ThePipingMart Blog Metals Stainless Steel 310 vs 310S – What’s the Difference

Stainless Steel 310 vs 310S – What’s the Difference

Stainless Steel 310 vs 310S

Stainless steel is one of the most widely used materials in various industries. Due to its numerous advantages, it’s preferred in many applications, from food processing to aerospace. Stainless steel 310 and 310S are among the most popular choices in this field. But how do you know which one to choose? This blog post compares the two and helps you make the best decision.

What is Stainless Steel 310?

SS310 is an austenitic stainless steel composed of nickel, chromium and manganese. It offers good corrosion resistance and ductility for mechanical properties. SS310 has a melting point of 1402-1454°C, which allows it to be welded easily while providing excellent strength at high temperatures. The material is very resistant to oxidation in air and inert atmospheres, making it an ideal choice for applications such as cookware or firebrick lining. It can also be used in food processing operations due to its low carbon content, allowing the product to remain clean over long periods without corroding.

What is Stainless Steel 310S?

Stainless Steel 310S is a high alloy austenitic stainless steel with excellent oxidation resistance and strength. It has good corrosion resistance properties, making it suitable for many industrial applications, such as petrochemical processing, heat exchangers, and power plant construction. It offers superior performance in high-temperature environments and provides a long service life in most conditions.

Difference Between Stainless Steel 310 and 310S


Stainless steel 310 and 310S have almost identical compositions, but there’s one crucial difference. 310S has a maximum of 0.08% carbon content, while 310 has no specified maximum amount. The lower carbon content in 310S makes it more weldable and offers better corrosion resistance. Therefore, it’s often used in high-temperature environments.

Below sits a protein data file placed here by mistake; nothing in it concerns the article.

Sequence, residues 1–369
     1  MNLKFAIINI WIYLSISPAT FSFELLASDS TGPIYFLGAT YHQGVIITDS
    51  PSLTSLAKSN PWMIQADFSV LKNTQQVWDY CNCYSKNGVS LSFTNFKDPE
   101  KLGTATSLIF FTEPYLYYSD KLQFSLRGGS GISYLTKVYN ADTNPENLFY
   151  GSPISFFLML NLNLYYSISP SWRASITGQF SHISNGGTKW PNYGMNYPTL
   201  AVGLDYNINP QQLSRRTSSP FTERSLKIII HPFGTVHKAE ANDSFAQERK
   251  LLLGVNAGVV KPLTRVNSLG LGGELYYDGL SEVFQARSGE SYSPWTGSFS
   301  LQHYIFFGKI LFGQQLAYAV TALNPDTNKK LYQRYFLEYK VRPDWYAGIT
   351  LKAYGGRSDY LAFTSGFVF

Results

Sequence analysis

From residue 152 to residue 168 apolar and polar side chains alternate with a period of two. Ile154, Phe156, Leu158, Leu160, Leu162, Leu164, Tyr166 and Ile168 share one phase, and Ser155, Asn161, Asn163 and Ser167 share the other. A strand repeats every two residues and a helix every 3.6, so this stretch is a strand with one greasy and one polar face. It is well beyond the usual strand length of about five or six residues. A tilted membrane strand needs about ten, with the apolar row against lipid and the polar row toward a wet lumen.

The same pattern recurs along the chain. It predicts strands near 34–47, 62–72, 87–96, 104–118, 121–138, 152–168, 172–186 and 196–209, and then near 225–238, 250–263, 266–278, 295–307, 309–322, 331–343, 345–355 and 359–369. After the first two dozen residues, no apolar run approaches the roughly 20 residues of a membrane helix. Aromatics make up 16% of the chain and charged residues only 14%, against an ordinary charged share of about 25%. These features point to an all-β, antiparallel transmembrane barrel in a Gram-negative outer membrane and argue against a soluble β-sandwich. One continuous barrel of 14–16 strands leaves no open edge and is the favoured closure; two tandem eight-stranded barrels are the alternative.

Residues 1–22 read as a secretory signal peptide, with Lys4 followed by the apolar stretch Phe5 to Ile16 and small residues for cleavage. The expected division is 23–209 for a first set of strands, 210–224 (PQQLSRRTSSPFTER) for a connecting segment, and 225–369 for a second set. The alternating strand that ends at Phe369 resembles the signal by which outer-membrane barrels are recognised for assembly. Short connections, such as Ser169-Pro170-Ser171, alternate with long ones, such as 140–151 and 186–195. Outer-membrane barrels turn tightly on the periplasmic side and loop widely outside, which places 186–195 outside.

High-Temperature Applications

Both 310 and 310S are suitable for use in high-temperature environments. However, 310S is usually preferred for its better resistance to thermal cycling. Its low carbon content makes it less prone to breakdown at high temperatures. As a result, it’s commonly used in applications such as furnace parts, kiln linings, and heat treatment facilities.

Chemical Resistance

310 and 310S are excellent in resisting corrosion by acids and alkalis, including common ones like sulfuric and hydrochloric acids. However, 310S has better resistance to aqueous corrosion. It’s more corrosion-resistant to water, steam, and other moist substances, making it ideal for industrial boilers and similar environments.

Heat Resistance

Both grades can maintain strength at high temperatures, but 310S is better than 310. The low-carbon content in 310S helps it resist oxidation and corrosion better. Therefore, it remains strong and durable even at temperatures exceeding 1,200 degrees Celsius. It’s often used in applications that involve heat treating, furnace components, and exhaust systems.


Stainless steel 310 and 310S have similar chemical compositions, but their carbon contents significantly differ. In applications where welding, corrosion resistance, and thermal cycling are the primary concerns, 310S is desirable. On the other hand, 310 is preferred where high-temperature applications require a higher carbon content. The choice between the two ultimately depends on the specific needs of your project. Understanding the subtle differences between the materials can help you select the best one for your application.

Related Post